2 Comments

  • Bryan W
    November 22, 2010

    Bryan W

    1. additional weekly services – they may attend 3 services a week
    2. “seasons” of focus for the church (like an evagelism campaign), or some may even give a theme for the year. This helps identify time.
    3. for those churches to whom it applies, imminent eschatological expectation is an important factor in valuing or even marking time (i.e. interpretation of world events).
    4. Interpretation of how God is working in one’s own life – what He is saying, how He has been working events, internal changes or learning from the Bible. All of these, when remembered, mark the time past.

  • Avatar
    November 22, 2010

    Jennifer

    Interesting post, thanks for careful writing.

    Several things come to mind, one is the danger that the demon of Secularism presents to a person who doesn’t really understand the difference between Secularism as 19th century essentially atheistic philosophy and “the secular and secularity.” It is similar to what happened when Modernism was named a heresy. In both cases, the point the capital letter/ism makes is relevant and just, but the confusion of the capital letter/ism with the lower case adjectives can create a large scale misunderstanding that is a little dangerous.

    Weigel’s proposal doesn’t necessarily betray that misunderstanding but it does strike to the heart of what is at stake in that distinction.

    As lay Catholics we are called to live secular lives as leaven within the culture. In a certain sense that is already counter-cultural, but that is not the goal–as some very wise young woman has on her Facebook page it isn’t that we are here to continually show the world the error of her ways, but that we are here to shine our light, and to be the salt. It’s the subtle difference between compassion and defiance for its own sake.

    The thinking behind some of the reforms that Weigel is naming–in addition to the lift on Friday meat fasts, and modification of fasting rules in general, etc.–was to make it possible to live as a Catholic within the culture without becoming essentially separated from it, and thus ghettoized.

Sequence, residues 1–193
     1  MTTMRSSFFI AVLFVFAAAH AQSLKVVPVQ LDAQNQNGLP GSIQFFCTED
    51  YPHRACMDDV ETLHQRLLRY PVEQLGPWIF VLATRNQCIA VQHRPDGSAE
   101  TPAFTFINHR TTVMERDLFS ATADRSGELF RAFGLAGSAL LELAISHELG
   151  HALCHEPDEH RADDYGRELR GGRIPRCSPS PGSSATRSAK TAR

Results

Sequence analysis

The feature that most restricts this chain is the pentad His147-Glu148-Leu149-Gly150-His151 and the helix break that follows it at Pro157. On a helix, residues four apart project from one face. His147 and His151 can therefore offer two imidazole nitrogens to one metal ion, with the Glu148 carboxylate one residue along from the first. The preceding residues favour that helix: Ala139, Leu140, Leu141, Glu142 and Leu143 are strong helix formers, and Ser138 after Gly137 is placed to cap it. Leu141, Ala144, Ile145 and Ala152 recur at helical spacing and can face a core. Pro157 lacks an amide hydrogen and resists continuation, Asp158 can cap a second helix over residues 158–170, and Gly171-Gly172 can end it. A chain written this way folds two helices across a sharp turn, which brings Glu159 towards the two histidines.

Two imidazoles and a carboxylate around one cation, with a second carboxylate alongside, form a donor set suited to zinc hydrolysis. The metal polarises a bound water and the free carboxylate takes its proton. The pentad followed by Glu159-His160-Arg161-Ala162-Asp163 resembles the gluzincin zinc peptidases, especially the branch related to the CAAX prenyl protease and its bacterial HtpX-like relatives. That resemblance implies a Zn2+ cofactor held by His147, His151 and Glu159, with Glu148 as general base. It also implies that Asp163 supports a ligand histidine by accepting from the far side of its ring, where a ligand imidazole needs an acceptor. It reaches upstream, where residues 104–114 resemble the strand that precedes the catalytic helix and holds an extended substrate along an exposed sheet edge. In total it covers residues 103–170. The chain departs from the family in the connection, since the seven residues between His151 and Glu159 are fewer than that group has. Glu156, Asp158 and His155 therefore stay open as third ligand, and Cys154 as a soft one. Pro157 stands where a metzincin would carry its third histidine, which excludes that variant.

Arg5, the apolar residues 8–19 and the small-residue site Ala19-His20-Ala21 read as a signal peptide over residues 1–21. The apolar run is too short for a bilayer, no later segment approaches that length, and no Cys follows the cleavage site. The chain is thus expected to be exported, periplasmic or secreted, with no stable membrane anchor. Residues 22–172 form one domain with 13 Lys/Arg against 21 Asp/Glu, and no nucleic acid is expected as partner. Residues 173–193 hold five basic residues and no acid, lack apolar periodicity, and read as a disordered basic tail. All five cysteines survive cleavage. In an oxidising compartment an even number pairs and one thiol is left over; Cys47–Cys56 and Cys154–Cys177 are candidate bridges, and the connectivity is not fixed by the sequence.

It might be possible that it swung things in a different direction or was an over-correction but I think the idea there is also worth thinking about–that if we confuse “the secular” and “secularity” with this grand evil Secularism, we continue to separate ourselves from the culture rather than exist within it, and then precluding the chance to be like leaven.

    The rule of capital S Secularism states that all things are socially, culturally and historically contingent, which is wrong and it is why it is considered a negative social force.

    But to say that there are NO things that are socially, historically, or culturally contingent is also wrong, and Weigel’s assertion that the evolving of our culture into work weeks with weekends is essentially part of evil hegemonic forces is a bit much for me to accept.

    Frankly, most jobs provide ample opportunity for time off for religious obligations so a reform like this would not be majorly disruptive, and we could all use those HR religion rules more, and heck who wouldn’t like a little extra time off? It’s sort of taking advantage of the fact that we live in a society where there is freedom of religion and not freedom from it.